Tag Archives: Emperor Honorius

#435 – A History of the Catholic Church – Free Will and Monasticism

We return to the declining fortunes of the West as Emperor Honorius dies and leaves the throne in the hands of a child. Meanwhile, in North Africa, Augustine finds himself once more forced to explain his views on grace and predestination.

Links:
Painting of Saint Augustine in his study by Sandro Botticelli

Map of Praefecture of Illyricum

Letters of Augustine to Valentinus on free will and predeterminism

Augustine On Grace and Free Will

Augustine On Rebuke and Grace

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#435 – A History of the Catholic Church – Free Will and Monasticism

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#427 – A History of the Catholic Church – Julian of Eclanum

Considered Augustine’s greatest theological adversary, Julian of Eclanum will pick up where Pelagius left off. His criticisms of Augustine’s teaching on Original Sin could not be ignored.

Links:
Portrait of Pope Boniface I

Augustine’s writings against Julian of Eclanum

Mathjis Lamberigts, “The Philosophical and Theological Background of Julian of Aeclanum’s Concept of Concupiscence”, in Therese Fuhrer (hg), Die christlich-philosophischen Diskurse der Spätantike: Texte, Personen, Institutionen: Akten der Tagung vom 22.-25. Februar 2006 am Zentrum für Antike und Moderne der Albert-Ludwigs-Universität Freiburg (Stuttgart, Franz Steiner Verlag, 2008) (Philosophie der Antike, 28)

BeDuhn, Jason. “What Augustine (May Have) Learned from the Manicheaeans.” Augustinian Studies 43, no. 1/2 (2012): 35-48.

Eddy, Paul Rhodes. “Can a leopard change its spots?: Augustine and the crypto-Manichaeism question.” Scottish Journal of Theology 62, no. 3 (2009): 316-346.

Evans, Gillian R. “Neither a Pelagian nor a Manichee.” Vigiliae Christianae 35, no. 3 (1981): 232-44.

Lamberigts, Mathijs. “Competing Christologies: Julian and Augustine on Jesus Christ.” Augustinian Studies 36, no. 1 (2005): 159-194.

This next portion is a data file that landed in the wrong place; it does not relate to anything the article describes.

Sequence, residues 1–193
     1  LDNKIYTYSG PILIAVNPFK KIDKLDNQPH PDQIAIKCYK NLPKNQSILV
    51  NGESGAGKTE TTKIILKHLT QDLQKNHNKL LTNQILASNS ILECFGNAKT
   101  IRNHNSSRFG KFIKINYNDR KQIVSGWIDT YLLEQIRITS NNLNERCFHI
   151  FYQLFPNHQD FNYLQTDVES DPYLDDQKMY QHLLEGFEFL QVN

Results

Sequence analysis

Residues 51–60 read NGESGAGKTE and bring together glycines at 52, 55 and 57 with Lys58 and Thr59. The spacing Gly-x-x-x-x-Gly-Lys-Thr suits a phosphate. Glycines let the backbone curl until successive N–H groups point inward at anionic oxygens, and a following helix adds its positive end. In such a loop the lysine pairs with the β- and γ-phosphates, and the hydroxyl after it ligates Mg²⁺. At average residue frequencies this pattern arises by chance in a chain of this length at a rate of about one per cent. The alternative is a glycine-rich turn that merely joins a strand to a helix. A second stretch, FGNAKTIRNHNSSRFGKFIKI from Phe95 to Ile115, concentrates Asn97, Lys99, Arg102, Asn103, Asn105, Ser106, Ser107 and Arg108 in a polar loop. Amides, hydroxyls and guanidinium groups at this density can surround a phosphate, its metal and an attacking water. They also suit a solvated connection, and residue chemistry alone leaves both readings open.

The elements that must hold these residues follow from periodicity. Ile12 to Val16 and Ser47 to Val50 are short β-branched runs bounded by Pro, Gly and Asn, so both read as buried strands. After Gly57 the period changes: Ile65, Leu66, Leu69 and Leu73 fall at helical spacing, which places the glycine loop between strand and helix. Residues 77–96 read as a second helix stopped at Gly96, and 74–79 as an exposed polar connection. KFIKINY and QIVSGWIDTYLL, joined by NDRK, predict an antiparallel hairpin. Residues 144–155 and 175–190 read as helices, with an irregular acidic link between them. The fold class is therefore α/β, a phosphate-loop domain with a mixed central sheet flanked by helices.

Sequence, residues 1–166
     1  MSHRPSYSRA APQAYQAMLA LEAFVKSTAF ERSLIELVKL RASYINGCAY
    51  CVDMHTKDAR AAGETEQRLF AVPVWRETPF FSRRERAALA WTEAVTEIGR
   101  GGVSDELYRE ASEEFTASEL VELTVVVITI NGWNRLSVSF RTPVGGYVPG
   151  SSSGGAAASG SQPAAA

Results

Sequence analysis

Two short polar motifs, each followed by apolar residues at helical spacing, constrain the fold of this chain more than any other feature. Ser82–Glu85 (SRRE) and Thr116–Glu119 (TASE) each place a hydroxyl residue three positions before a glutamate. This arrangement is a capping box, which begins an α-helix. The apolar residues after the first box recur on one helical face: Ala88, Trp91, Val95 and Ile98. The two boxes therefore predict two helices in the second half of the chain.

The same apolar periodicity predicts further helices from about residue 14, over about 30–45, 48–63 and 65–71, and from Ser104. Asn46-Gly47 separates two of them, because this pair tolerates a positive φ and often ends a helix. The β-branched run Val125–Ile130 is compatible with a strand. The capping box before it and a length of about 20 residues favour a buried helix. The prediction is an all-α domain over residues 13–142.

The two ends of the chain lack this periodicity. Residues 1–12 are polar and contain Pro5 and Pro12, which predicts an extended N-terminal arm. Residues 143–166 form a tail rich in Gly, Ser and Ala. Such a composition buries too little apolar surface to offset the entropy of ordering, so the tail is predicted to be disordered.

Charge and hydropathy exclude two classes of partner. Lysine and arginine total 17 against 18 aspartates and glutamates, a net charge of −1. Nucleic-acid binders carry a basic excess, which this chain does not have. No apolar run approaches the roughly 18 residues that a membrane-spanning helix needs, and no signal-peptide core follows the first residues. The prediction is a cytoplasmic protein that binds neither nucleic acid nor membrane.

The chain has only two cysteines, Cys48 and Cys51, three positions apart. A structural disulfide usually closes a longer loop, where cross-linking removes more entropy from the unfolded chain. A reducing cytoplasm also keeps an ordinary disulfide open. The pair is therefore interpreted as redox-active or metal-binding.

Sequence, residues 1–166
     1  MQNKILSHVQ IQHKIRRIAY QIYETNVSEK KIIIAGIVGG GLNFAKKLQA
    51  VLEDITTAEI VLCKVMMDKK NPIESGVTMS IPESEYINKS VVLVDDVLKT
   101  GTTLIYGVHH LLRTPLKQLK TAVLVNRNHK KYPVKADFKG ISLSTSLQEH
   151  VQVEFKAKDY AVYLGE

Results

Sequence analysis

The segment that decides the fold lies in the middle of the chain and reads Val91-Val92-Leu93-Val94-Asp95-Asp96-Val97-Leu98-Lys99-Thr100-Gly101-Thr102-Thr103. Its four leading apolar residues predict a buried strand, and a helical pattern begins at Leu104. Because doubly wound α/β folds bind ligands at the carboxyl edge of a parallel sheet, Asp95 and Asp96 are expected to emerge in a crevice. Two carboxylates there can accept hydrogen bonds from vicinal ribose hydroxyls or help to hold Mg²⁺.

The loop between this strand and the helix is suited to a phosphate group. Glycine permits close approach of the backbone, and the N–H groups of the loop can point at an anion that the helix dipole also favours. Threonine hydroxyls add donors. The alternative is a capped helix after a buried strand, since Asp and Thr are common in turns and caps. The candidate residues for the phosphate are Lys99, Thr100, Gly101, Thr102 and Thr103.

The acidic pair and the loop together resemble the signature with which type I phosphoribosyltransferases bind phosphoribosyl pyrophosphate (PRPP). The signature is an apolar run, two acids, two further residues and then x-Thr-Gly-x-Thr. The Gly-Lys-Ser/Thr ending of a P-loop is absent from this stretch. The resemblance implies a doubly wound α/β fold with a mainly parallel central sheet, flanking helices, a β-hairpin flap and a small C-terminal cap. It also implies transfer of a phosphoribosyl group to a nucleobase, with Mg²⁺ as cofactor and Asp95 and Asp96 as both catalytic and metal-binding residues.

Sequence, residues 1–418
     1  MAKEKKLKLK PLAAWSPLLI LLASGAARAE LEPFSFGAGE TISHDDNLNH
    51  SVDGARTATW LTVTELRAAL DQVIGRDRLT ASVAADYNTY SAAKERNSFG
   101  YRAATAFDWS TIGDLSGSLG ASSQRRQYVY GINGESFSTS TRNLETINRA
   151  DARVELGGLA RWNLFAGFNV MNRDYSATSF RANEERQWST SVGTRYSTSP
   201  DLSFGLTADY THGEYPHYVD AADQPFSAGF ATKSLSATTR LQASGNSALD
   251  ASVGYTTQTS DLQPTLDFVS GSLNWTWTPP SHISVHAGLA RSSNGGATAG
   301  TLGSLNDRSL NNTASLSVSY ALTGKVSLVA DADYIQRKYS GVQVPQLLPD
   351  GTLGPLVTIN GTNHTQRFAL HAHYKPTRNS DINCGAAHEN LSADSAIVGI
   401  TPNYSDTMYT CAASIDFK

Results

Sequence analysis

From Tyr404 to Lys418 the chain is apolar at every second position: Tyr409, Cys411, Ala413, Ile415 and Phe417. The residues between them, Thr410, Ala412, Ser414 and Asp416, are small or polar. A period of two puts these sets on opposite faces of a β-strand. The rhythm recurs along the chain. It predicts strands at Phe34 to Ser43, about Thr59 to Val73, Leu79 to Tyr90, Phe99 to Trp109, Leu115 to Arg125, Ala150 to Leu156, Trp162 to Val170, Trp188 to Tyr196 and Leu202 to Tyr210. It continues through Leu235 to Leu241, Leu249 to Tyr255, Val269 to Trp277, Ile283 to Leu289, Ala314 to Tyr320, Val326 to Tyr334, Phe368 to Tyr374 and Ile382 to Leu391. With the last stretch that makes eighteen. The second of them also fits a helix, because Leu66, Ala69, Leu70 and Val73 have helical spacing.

Scheppard, Carol. “The Transmission of Sin in the Seed: A Debate between Augustine of Hippo and Julian of Eclanum.” Augustinian Studies 27, no. 2 (1996): 99-108.

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#427 – A History of the Catholic Church – Julian of Eclanum

#426 – A History of the Catholic Church – The Tractoria of Zosimus

Pope Zosimus’ attempt to navigate the Pelagian Controversy runs up against the desires of the North African bishops, the bishops of Italy and Emperor Honorius. After Zosimus’ death, the Church of Rome again divides over his successor. A new figure rises to confront Augustine on the importance of free will.

Links:
Portrait of Pope Zosimus

Canons of the Council of Carthage 418

Letter of Julian of Eclanum to Pope Zosimus

Letter of Julian of Eclanum to Bishop Rufus of Thessalonica

Beck, J. H. (2007), The Pelagian Controversy: An Economic Analysis. American Journal of Economics and Sociology, 66: 681–696.

Dunn, G. D. (2015), Imperial Intervention in the Disputed Roman Episcopal Election of 418/419. J Relig Hist, 39: 1–13.

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#426 – A History of the Catholic Church – The Tractoria of Zosimus

#415 – A History of the Catholic Church – The Sack of Rome

Alaric sacks the city of Rome. Augustine justifies the use of force to convert the Donatists to Catholicism.

Links:

Image of Christians of Rome saving holy vessels from Alaric and the Visigoths.

Map of Western Europe in 410 AD.

Augustine’s Treatise concerning the correction of the Donatists

Augustine’s letters justifying the use of state coercion

Material on Augustine’s views on religious coercion can be found here, here, and here.

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#415 – A History of the Catholic Church – The Sack of Rome

#413 – A History of the Catholic Church – The Controversy over Chrysostom

The deposition and exile of John Chrysostom causes problems in the Church in the East and the West – persecutions, factions and the threat of a schism between Rome and Constantinople.

Links:

Icon of John Chrysostom.

Correspondence between Pope Innocent I of Rome and Bishop John Chrysostom

Letter of Pope Theophilus of Alexandria to Jerome on Chrysostom

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#413 – A History of the Catholic Church – The Controversy over Chrysostom

#408 – A History of the Catholic Church – The Empire in Decline

After the death of Theodosius the Great, the Roman Empire found itself in a precarious situation. Augustine becomes bishop of Hippo.

Links:

Image of Pendant of Maria, daughter of Stilicho, with form of Christogram by PHGCOM.

Map of final division of Roman Empire at death of Theodosius the Great

Monastic Rule of Saint Augustine

Augustine’s writings against Manicheanism

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#408 – A History of the Catholic Church – The Empire in Decline